Kathmandu metropolis to unveil 2.2km heritage walk route on ThursdayThe Kathmandu Metropolitan City is planning to unveil a master plan for a 2.2km heritage walk route connecting two world heritage sites—Hanuman Dhoka Durbar Square and Swayambhunath.
The Kathmandu Metropolitan City is planning to unveil a master plan for a 2.2km heritage walk route connecting two world heritage sites—Hanuman Dhoka Durbar Square and Swayambhunath.
The metropolis on Tuesday made an announcement that it would unveil the master plan on April 18 coinciding with the World Heritage Day. “Last year, we explored the route, and for the past six months we were collecting feedback from locals,” said Nhuchhe Kaji Maharjan, coordinator of the Culture and Tourism Committee at the metropolis. “This year, we are going to unveil the plan.”
The metropolis has allocated Rs100 million to build infrastructure. “This will be a rare opportunity for both internal and external tourists to learn about tangible and intangible heritage along the route,” said Ishwor Man Dangol, spokesperson for the metropolis.
He said the metropolis will be allocating additional budget in the next fiscal year. The route connects 20 places of historic and archaeological importance starting from Hanumandhoka, which will traverse Maru Ganesh, Maru Hiti, Banja Hiti, Dami Tole, Sunta Galli, Michya Galli, Bhelu Mahadev, Dallu, Nipu Hitti and Bhuikhel before ending at Swayambhunath.
Cultural experts and locals though have welcomed the metropolis’ new plan, they said they were sceptical about the implementation. “This is a welcome move,” said Kosh Prasad Acharya, former director general at the Department of Archaeology. “But I am equally worried about metropolis’ monitoring mechanism and its seriousness when it comes to executing its plans and preserving our heritage sites,” said Acharya, citing the metropolis’ new ‘Building Code-2075’, which was introduced ignoring the Ancient Monument Preservation Act-2013.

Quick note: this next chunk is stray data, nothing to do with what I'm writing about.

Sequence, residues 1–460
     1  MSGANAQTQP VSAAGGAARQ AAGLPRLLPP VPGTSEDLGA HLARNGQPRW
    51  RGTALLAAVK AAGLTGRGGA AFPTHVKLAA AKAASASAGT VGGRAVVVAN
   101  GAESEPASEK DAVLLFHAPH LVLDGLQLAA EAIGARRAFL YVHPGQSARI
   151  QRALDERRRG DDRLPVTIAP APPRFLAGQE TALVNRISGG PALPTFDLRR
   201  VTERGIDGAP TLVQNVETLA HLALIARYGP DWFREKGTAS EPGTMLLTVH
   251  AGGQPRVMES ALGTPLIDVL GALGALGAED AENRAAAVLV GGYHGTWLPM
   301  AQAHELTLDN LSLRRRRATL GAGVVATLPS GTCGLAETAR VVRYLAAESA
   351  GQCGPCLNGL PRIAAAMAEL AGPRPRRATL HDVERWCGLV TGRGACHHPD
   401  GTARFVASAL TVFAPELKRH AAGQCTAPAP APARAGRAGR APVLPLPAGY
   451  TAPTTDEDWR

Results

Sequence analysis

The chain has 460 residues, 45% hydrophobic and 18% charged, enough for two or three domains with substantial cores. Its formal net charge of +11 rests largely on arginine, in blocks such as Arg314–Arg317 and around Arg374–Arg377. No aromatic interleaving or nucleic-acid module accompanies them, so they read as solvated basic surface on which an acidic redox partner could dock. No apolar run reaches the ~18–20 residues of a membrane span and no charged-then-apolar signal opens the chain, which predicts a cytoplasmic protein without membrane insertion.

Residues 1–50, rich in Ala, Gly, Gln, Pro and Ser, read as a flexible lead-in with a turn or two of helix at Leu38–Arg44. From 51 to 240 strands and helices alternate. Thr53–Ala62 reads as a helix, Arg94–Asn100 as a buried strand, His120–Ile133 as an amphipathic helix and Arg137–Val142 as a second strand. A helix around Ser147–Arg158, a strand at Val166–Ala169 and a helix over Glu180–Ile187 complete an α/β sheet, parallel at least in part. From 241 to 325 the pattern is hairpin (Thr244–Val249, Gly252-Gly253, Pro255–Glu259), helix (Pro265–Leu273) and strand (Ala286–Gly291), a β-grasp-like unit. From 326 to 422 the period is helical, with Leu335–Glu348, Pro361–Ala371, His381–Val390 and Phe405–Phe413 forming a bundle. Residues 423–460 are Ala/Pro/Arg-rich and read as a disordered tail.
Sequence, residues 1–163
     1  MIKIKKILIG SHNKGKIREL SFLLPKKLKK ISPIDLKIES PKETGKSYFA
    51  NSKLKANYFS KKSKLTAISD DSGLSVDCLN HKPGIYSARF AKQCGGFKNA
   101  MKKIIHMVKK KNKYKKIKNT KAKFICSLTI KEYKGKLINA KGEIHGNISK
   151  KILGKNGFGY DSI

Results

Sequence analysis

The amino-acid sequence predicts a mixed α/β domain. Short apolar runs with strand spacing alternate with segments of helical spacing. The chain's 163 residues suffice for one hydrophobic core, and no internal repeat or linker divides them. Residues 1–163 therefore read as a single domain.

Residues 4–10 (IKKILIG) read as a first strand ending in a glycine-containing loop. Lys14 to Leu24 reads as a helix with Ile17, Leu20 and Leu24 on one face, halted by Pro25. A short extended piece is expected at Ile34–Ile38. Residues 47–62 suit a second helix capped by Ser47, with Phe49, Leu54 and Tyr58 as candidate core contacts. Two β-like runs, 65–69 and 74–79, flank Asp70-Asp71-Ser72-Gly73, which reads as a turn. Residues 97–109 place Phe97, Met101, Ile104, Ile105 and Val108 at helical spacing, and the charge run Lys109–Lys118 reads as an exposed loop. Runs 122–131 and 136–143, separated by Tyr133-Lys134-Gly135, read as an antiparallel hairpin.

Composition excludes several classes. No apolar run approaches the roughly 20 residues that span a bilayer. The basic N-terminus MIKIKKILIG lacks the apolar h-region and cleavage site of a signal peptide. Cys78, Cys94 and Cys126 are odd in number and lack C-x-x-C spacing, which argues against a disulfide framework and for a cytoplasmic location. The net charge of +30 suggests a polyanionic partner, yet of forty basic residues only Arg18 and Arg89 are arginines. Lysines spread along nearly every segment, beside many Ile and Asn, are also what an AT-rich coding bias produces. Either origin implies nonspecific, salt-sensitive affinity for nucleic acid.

However, officials at the Kathmandu Metropolitan City said they have a concrete plan to execute the heritage route.
“The master plan will be completed in three years and the route will open an avenue for locals to generate income showing Newari indigenous lifestyle, culture and tradition,” Dangol said. There are around 400 households along the route, 80 percent of which belong to Newars, according to Dangol.
“If the plan is being brought with full understanding of the real value of our priceless heritage sites and monuments, this is a welcome move. But this should not be a programme for the sake of it,” said Ganapati Lal Shrestha, a youth cultural activist and local from Jhochhen, Basantapur.
“The metropolis has not been able to take locals into confidence. The plan should not be just a means to spend taxpayers’ money,” said Shrestha.Last year, marking the World Heritage Day, the metropolis in coordination with the United Nations cultural agency had organised various cultural programmes including wall painting, photo exhibition and photo workshop to promote the route.